Suspect Photography

words and images from david george brommer

Category: Brommer Projects

Suspect Photography Launches LEMPACON: The Light Eros Muse Photography Arts Conference

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I”m  proud to announce the Light Eros Muse Photography Arts Conference aka- LEMPACON; a three day event in NYC on October 4th, 5th, and 6th catering to erotic, fetish and fine art nude photography genre. Read all the details below and come out to support this conference on her maiden voyage, it’s going to have the stopping power of .357 magnum and blow you away…

Anastasia and Gun

Photo by David George Brommer

The LEMPA Conference mission is to elevate erotic and fine art nude photography by presenting the subject matter in a responsible and ethical manner.

Too often this subject matter has been associated with taboo and has been shunned by mainstream society and media as a result. LEMPA seeks to rectify this by giving leading photographers and models working in the genre, a platform to showcase their process and work while establishing a benchmark definition of the best practices while addressing the photographer-model issues of the #metoo age.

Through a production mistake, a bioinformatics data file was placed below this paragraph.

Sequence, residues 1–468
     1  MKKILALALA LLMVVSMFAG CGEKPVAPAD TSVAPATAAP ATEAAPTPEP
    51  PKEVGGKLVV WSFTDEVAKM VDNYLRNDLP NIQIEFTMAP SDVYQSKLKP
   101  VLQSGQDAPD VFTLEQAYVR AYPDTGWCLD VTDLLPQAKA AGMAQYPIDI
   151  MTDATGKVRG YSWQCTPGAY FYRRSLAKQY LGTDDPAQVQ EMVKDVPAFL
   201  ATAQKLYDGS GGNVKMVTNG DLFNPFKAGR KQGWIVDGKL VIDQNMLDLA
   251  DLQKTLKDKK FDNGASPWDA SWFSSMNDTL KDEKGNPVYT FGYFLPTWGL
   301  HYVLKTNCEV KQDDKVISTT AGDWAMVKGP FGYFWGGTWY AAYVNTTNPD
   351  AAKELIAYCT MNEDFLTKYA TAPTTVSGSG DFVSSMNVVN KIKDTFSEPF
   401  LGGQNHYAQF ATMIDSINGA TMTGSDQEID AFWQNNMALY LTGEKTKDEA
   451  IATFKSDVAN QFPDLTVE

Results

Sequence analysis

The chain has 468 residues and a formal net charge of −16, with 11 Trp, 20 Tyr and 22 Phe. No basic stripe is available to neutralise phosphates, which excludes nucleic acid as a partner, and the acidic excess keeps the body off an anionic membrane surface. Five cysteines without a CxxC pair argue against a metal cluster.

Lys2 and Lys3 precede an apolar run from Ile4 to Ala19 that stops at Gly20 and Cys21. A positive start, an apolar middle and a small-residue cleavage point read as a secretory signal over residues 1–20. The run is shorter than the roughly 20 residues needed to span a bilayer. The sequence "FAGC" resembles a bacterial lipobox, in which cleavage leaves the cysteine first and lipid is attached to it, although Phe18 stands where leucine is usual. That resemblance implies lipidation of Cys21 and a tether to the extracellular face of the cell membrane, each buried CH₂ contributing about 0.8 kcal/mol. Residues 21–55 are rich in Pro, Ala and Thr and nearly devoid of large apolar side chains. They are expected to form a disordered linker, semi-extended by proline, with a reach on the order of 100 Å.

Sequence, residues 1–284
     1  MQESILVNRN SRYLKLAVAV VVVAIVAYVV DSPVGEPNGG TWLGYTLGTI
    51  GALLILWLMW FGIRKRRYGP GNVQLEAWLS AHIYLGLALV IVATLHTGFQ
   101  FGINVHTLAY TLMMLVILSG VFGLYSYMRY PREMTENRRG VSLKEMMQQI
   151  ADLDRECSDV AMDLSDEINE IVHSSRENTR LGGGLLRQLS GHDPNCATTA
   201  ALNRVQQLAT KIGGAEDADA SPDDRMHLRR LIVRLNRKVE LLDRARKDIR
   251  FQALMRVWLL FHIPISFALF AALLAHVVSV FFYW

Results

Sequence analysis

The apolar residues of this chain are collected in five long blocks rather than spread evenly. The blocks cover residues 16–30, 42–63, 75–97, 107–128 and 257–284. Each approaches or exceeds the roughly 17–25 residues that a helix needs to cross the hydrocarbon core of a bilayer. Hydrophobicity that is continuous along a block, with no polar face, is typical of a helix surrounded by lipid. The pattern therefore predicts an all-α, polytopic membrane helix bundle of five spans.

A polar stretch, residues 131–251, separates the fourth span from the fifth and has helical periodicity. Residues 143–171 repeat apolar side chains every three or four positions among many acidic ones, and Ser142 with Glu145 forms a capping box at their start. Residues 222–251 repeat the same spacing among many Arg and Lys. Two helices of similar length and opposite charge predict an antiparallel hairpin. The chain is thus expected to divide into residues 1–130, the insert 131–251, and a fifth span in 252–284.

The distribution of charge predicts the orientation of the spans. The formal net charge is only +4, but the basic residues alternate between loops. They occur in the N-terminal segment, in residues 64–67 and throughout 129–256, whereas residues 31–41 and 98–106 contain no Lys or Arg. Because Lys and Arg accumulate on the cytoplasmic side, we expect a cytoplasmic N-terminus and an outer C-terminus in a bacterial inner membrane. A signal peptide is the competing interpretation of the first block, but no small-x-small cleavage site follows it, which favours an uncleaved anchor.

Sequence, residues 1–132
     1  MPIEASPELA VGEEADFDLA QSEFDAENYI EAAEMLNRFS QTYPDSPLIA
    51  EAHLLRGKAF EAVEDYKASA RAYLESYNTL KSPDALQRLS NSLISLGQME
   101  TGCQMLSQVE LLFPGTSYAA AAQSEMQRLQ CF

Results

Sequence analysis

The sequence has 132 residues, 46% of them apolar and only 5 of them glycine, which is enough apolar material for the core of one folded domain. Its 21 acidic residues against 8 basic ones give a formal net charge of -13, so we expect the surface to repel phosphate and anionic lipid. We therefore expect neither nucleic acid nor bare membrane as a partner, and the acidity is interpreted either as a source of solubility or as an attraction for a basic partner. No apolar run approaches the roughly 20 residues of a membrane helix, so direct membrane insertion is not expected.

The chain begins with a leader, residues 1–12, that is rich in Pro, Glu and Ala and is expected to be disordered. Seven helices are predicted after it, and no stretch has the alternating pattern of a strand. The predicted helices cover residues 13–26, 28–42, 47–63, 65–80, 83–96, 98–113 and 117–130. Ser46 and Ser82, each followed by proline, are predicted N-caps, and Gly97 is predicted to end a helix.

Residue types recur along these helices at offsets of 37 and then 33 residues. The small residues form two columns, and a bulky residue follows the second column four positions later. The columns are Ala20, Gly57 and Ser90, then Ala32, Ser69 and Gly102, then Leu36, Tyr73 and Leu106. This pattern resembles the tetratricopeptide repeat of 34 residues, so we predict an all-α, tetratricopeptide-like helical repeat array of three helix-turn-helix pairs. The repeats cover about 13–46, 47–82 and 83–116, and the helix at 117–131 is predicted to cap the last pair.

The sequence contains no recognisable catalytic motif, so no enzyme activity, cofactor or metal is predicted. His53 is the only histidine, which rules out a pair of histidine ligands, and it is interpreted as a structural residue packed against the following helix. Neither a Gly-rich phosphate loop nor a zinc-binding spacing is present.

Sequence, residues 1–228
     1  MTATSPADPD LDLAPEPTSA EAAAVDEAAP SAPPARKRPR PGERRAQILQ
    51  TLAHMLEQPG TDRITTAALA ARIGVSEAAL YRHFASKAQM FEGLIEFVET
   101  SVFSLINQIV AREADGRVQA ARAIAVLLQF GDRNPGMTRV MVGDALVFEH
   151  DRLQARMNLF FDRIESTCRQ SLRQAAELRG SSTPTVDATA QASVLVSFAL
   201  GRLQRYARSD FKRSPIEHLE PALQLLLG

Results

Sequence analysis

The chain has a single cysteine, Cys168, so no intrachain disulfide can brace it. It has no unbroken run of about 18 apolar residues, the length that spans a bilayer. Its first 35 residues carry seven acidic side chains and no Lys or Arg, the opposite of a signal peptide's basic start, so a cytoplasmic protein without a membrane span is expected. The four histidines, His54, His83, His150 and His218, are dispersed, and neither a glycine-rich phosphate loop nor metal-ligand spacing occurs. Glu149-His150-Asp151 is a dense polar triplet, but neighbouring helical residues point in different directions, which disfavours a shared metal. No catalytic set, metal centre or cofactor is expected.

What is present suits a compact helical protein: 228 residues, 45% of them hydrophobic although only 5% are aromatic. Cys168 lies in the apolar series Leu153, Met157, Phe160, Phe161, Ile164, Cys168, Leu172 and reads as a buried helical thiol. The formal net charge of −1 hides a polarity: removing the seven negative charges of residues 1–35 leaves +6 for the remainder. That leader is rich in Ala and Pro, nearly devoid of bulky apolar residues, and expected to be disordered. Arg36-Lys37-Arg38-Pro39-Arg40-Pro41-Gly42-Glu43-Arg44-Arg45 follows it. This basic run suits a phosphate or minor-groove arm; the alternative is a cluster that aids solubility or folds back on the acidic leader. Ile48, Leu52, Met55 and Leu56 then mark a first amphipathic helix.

The founder of LEMPA, Photographer David Brommer combines his expertise in producing conferences with his history of running the maverick Seattle gallery, Suspect Photography in the 1990’s. He states, “There isn’t any conference like LEMPA, this genre needs to be brought forward and I curated the speakers to reflect the many facets of this genre”.

The LEMPA Speakers and Workshop Instructors

Los Angeles based Steve Diet Goedde who is recognized as the leading fetish-fashion photographer for the past 30 years produces work that is widely published in numerous books, magazines and sets a standard for photographers working in this genre hope to achieve.

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Steve Diet Goedde

Conie Imboden’s fine art nude abstracts are in the collections of every major museum in America. Connie’s images are seen through the camera working with reflections and distortions in either water or mirrors.